Some of the same verification techniques apply, but it’s more complicated than that and errors can creep in where there are gaps.
Power-aware test plans are changing, becoming far more extensive than the minimalist plans that were common just a few years ago.
In the past would determine if they could power their design up, power it down, then they’d declare it done. “Sometimes they would find they could power it up and power it down once, but they couldn’t power it up a second time because they’d forgotten to retain some state that was essential or because the power-up signals were coming from domains that were powered down and needed to be powered up,” said Erich Marschner, verification architect at Mentor Graphics. “The earliest kind of testing we saw was very, very simple — way too limited to really be demonstrating anything.”
That has improved, but even today it’s not uncommon to confine power-aware test to a small fraction of the overall verification environment. “When you think about it, all of the tests have to run in the power-aware mode ultimately because the real system is going to be power-aware so it’s a little strange for people to be running 5% to 10% of their test cases or have 5% to 10% as many power aware tests as there are regular, functional tests,” Marschner said.
Robert Ruiz, senior product marketing manager for test at Synopsys agreed: “At one time, the way power aware test plans were created, the engineering team would generate a standard set of patterns, and they’d run that. If it didn’t work, they’d debug it and figure out why — maybe there was some IR drop — and then redirect the ATPG with whatever means they had. It wasn’t really planning, it was just ad hoc reaction.”
Step forward to now, where a big bulk of the methodology in use is to consider what the functional spec says before there is any design intent, including whether there’s a power budget and a max power operating limit that is designed. “One approach has been to say, ‘This is what the part will work at,’” Ruiz said. “In other cases what’s happened is using some rail analysis to make a determination for developing a less costly test program — we know there are going to be power implications so we’re going to design our power grids so they can handle the extra power beyond the functional budget.”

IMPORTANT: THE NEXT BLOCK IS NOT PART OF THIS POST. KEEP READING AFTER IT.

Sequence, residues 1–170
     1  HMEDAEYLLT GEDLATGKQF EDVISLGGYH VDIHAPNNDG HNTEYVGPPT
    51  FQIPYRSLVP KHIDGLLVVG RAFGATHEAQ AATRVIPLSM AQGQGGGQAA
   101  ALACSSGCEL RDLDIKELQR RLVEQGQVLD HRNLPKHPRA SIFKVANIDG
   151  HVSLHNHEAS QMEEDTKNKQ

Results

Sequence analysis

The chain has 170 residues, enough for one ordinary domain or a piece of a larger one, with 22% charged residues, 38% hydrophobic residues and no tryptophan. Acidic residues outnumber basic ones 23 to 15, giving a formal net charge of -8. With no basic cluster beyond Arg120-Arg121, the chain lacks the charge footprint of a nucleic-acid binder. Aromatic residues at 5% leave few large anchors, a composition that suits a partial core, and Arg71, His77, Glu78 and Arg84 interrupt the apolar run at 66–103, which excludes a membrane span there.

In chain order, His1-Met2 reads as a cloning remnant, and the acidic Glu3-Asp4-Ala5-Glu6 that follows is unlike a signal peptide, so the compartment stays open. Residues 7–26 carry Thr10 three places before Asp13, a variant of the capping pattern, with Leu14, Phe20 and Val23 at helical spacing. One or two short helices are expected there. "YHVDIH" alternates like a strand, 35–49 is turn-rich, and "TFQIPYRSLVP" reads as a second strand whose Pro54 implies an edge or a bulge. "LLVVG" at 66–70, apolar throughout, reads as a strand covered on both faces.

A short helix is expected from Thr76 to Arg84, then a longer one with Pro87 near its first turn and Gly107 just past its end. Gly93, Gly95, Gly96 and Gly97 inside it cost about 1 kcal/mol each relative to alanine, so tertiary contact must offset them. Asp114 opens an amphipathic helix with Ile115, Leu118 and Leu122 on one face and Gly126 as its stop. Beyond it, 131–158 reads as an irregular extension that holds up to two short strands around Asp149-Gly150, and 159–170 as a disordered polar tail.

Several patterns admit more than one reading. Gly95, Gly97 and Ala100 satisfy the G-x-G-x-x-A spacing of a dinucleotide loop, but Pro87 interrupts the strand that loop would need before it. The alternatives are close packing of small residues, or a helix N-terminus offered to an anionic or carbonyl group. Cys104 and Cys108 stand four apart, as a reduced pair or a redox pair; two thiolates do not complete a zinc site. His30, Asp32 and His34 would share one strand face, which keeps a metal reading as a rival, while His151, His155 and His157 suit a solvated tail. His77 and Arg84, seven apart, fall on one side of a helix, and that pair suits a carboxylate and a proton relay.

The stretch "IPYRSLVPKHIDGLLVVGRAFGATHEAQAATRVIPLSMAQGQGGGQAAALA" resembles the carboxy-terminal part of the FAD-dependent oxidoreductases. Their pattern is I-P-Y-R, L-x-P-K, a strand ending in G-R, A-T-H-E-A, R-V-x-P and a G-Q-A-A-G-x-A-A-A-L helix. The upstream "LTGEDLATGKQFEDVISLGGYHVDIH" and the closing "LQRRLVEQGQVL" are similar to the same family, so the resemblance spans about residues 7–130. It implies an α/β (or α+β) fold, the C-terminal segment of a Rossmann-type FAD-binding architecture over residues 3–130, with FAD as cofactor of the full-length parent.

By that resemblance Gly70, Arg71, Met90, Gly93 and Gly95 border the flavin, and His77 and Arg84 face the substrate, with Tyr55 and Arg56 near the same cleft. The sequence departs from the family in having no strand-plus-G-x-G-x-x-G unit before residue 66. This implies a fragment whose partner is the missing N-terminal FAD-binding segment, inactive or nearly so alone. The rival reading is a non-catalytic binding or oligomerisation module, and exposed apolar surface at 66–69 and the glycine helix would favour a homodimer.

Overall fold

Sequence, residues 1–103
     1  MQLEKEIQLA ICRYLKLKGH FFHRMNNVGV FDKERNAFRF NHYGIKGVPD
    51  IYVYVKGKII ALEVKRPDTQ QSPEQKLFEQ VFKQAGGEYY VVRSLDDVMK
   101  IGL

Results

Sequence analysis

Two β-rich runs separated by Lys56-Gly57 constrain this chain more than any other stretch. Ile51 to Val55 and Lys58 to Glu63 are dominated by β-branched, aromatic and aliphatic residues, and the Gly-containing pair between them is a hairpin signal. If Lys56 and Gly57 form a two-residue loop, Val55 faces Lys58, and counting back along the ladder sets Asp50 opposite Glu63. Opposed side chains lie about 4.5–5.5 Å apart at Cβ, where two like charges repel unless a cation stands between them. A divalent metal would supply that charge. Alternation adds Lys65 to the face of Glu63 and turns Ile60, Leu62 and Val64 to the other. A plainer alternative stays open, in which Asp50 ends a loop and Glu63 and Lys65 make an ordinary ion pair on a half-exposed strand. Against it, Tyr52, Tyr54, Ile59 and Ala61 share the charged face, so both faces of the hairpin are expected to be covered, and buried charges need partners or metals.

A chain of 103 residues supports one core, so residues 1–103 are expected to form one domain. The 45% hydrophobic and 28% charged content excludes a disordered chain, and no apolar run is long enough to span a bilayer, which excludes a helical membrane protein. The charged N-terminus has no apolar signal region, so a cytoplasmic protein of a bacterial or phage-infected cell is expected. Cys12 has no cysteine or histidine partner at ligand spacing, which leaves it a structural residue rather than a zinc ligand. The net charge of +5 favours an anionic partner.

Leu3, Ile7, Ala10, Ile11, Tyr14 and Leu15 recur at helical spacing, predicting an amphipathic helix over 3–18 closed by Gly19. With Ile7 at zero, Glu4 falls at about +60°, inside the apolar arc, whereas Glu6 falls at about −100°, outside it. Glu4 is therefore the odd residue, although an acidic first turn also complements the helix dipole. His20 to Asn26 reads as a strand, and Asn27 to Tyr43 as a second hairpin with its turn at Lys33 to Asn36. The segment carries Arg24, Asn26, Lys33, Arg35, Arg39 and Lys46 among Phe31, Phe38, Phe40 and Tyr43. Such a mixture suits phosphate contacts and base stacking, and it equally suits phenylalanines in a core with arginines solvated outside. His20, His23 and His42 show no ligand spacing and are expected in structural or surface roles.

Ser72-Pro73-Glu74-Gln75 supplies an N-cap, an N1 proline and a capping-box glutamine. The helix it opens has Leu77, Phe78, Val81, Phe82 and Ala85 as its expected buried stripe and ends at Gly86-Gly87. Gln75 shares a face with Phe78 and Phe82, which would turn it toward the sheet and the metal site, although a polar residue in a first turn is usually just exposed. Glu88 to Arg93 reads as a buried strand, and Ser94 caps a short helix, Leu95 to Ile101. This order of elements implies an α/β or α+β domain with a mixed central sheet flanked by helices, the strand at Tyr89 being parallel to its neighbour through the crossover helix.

Fortunately, some engineering teams have begun realizing that this is a risk area, Marschner observed. “They are potentially not catching all of the problems that they might catch by just running a few tests, so they’ve started thinking about running power-aware simulation for the entire regression suite without really thinking about whether that’s going to help or not. One of the questions is, ‘Did your normal, functional test even catch power errors?’ Sure, it might but if you don’t design a test suite that is focused on the kind of issues that power management can create, you’re not likely to catch all of the errors. You might catch more but probably not all. Even the idea of running the entire functional regression suite in a power aware mode, while it is an improvement, isn’t really the best situation.”
Another area where there is room for improvement is conceiving of the classes of problems that can be caused by errors in power management and modeling those classes of errors, Marschner asserted. Also, it is important to make sure the right monitoring mechanism is in place to detect those errors as well as ensuring that the right stimulus is being used to trigger those errors in the event that they can occur. “It’s a classic coverage-driven verification problem, but now for power-aware.”
Developing power-aware plans